New York teacher under fire for Cotton, Classroom handcuffs over slavery – NBC New York

Rochester school officials are investigating allegations that a white teacher told his class of mostly black students to pick cottonseeds and put on handcuffs during lessons about slavery in a school classroom. seventh grade social studies.

“It made me feel bad to be a black person,” college student Jahmiere O’Neal told the media.

The teacher has been placed on leave while the school system investigates the allegations. They came to light after a dismayed parent posted on Facebook that his daughter faced the cotton picking lesson on Tuesday.

“He made fun of slavery,” the mother, Precious Tross, also known as Precious Morris, later said.

“I have no problem with you teaching our children about slavery and what our ancestors went through and how they had to pick cotton,” she said. “Our teachers at the time told us, but they don’t bring cotton and make you pick cottonseed from cotton.”

School officials did not identify the teacher. Teachers’ union president Adam Urbanski told WXXI-AM that ‘if anyone deviates from what they should be doing, they should suffer the consequences, but due process must be allowed first. “.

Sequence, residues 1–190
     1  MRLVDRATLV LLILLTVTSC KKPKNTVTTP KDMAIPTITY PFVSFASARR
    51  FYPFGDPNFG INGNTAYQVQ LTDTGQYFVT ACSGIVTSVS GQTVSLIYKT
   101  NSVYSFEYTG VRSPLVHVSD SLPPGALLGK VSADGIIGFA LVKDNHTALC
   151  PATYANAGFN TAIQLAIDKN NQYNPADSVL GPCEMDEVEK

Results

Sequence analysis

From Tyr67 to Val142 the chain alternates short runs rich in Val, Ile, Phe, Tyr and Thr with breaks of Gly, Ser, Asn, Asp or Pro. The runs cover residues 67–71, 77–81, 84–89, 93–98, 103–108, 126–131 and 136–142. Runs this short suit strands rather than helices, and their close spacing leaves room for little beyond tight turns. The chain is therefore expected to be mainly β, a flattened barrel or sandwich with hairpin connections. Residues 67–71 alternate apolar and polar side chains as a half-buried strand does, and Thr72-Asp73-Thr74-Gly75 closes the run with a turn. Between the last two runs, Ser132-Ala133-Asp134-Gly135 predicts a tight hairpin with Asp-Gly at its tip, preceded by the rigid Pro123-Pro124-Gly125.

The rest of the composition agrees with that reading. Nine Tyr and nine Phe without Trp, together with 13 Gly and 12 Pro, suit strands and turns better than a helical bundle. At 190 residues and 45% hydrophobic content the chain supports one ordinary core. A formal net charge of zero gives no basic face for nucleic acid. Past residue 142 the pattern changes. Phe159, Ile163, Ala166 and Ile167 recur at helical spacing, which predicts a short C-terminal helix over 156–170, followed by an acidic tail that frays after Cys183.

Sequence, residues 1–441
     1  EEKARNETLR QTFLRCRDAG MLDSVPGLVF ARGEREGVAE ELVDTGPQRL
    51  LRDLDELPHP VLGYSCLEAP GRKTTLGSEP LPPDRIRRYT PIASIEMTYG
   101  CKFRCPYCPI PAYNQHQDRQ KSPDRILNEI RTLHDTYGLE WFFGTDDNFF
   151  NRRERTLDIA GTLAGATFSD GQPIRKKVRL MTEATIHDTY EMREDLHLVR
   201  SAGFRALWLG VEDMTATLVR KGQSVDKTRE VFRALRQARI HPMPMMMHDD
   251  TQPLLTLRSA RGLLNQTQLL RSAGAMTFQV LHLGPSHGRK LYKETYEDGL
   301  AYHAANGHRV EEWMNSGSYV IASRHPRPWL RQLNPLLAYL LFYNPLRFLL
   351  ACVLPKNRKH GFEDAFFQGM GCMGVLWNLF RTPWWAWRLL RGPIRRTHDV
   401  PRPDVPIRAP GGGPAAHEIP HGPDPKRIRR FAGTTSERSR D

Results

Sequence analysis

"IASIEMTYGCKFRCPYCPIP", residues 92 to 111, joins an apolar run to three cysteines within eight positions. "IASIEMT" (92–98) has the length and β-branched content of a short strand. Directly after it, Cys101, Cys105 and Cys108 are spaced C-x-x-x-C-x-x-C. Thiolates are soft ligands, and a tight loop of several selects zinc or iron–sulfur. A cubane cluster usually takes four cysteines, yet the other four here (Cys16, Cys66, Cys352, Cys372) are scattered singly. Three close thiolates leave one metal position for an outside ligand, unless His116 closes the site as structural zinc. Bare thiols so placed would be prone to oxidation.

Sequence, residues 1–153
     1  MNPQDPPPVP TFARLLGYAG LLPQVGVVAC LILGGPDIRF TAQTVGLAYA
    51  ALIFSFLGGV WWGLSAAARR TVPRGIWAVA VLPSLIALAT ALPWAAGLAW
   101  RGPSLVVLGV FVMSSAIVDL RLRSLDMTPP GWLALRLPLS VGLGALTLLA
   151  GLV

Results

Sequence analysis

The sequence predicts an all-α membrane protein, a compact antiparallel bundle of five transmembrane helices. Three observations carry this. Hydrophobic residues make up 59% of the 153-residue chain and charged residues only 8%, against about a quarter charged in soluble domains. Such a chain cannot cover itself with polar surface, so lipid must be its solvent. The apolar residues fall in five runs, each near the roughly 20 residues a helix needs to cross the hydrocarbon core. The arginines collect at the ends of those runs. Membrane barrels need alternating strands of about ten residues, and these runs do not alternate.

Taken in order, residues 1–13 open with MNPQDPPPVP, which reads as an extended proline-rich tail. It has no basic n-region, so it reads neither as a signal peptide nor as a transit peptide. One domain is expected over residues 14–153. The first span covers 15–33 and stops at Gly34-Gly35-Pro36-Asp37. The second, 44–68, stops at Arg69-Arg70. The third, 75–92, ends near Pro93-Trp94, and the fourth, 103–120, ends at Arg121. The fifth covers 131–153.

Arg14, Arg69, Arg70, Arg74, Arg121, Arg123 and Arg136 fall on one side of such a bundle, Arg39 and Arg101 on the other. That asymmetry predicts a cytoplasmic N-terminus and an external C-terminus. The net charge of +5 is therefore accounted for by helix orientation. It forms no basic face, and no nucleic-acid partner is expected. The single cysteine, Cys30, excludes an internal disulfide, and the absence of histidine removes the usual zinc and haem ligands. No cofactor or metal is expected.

Tross and Vialma Ramos-O’Neal, who is Jahmiere’s mother, said the teacher let white kids opt out of cotton picking while not letting colored kids opt out.

“I was like, ‘Oh, I’m not doing that,’ straight away,” Morris’ daughter Ja’Nasia Brown said. “And then he said, ‘Do it. It’s for a good grade.

On another occasion, the teacher brought handcuffs and shackles, according to the students. Tross said when his daughter hesitated to put them on, the teacher threatened to send her to the principal’s office or the school counselor.

The parents are asking for the teacher’s dismissal and the revocation of his teaching license.

School principal Kelly Nicastro told parents in a letter that headteachers “take these allegations very seriously”, and a statement from the school board called them “extremely troubling”.

“In a black and brown student district, it’s important to be sensitive to the historical setting in which our students engage and learn,” said council president Cynthia Elliott. About half of the students at the School of the Arts are black.

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